Lakes have a lot to offer—stunning beauty, an array of recreational opportunities and rich, vibrant habitat for fish and wildlife. They are part of what makes our County a great place to live, work and raise a family.
Pierce County is home to over 180 named lakes, ponds and reservoirs. On the surface, many of these appear to be the same. But our diverse landscapes and geology mean that no two lakes are alike. Each has different features—temperature, shape, depth and chemistry—that determine how the lake will function. Each can be thought of as its own system of inputs and outputs.
When things are in balance, the lake is healthy and vibrant. When they are not, water quality and lake habitat often suffer. Lakes age naturally, changing conditions over time. But human activities can speed that process and cause rapid changes that harm lake health. Monitoring lake water quality helps alert us when things are out of balance, and can help drive management actions to restore lake health.
There are a lot of lakes in unincorporated Pierce County. We rely on partners like the Pierce Conservation District and the Tacoma-Pierce County Health Department to monitor lakes that people use most often. Current lake monitoring programs include:
Toxic Algae Monitoring
Also known as cyanobacteria, blue-green algae, and harmful algal blooms (HABs), toxic algae are an aquatic organism that can make people and pets very sick. Tacoma-Pierce County Health Department actively monitors 11 heavily-used lakes for algae blooms and issues advisories when conditions are not safe. They also work with a network of AlgaeWatch volunteers, who alert the Health Department to potential algae blooms at many more lakes throughout the County. The Washington State Department of Health also offers educational material and testing resources to monitor toxic algae blooms.
Check out the following links to learn more:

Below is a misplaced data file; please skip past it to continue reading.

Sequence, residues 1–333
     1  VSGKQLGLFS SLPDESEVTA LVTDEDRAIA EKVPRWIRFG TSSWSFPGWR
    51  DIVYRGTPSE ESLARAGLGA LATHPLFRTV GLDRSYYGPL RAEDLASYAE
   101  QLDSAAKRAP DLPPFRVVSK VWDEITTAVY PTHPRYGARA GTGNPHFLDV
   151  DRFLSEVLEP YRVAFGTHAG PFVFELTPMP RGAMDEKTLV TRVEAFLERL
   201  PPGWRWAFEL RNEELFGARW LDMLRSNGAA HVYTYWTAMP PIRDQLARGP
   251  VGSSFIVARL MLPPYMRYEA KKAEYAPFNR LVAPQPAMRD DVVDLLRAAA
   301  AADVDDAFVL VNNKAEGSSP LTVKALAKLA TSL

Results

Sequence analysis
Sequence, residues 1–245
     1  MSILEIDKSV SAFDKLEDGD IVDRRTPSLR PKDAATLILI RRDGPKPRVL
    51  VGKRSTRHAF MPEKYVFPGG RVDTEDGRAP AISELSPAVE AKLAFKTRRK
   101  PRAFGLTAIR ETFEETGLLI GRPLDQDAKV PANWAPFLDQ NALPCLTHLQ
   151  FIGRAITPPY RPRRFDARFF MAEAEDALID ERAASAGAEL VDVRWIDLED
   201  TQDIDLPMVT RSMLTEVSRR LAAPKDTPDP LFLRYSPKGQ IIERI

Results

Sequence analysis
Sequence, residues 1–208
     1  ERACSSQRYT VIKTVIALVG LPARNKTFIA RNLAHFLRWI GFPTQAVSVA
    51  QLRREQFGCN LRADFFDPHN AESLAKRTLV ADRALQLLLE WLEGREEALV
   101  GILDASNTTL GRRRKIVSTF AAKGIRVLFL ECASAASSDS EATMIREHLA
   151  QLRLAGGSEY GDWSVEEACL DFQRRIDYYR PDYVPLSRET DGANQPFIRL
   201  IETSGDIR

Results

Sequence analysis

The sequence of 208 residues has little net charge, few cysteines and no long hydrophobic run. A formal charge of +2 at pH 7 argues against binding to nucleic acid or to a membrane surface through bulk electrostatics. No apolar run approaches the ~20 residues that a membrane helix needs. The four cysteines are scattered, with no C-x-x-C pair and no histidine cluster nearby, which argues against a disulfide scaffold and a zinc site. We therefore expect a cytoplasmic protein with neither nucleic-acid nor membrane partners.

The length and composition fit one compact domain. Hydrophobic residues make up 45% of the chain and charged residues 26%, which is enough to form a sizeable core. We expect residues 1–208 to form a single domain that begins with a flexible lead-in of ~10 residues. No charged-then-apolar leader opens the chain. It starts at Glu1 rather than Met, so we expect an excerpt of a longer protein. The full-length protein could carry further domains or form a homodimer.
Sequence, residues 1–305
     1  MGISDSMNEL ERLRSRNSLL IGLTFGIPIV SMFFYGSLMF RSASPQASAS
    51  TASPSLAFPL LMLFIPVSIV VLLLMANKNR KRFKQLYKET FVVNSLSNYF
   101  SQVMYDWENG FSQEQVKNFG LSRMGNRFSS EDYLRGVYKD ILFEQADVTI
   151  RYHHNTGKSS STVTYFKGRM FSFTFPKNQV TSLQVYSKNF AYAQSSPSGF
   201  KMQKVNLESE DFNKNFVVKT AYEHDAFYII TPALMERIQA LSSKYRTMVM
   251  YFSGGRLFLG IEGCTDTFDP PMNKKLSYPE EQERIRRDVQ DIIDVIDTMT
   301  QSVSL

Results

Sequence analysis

Certain bacteria like E. coli can cause illness if ingested. In the past, Tacoma-Pierce County Health Department routinely monitored bacteria levels near popular swimming beaches at several Pierce County Lakes. Due to funding concerns, this program has been scaled back. Currently, only select swimming beaches at Lake Tapps and Spanaway Lake are monitored unless there are reports of illness.
You can learn more by visiting:
Swimmer's Itch Monitoring
Swimmer’s Itch is caused by an allergic reaction to certain parasites found in water. While not common in Pierce County, Tacoma-Pierce County Health Department does respond to reports of Swimmers Itch by posting advisories at affected lakes.
Learn more by reading the Health Department’s Swimmer’s Itch Brochure
Volunteer Lake Water Quality Monitoring
Pierce Conservation District offers monitoring equipment and technical support to volunteers interested in monitoring lake water quality. The focus is on conventional parameters like temperature, pH, clarity, and nutrient levels. They currently have volunteers working in 7 different lakes near the cities of Lakewood, Milton and Bonney Lake. The Conservation District shares this data to support lake management decisions and also publishes annual data reports.
To find out more, visit Pierce Conservation Districts’ Lake Monitoring Page
- Pierce County Stream Water Quality Monitoring Data Viewer
- Pierce County Watershed Health Report Card
- Pierce County Stormwater Management Program @(Model.BulletStyle == CivicPlus.Entities.Modules.Layout.Enums.BulletStyle.Decimal ? "ol" : "ul")>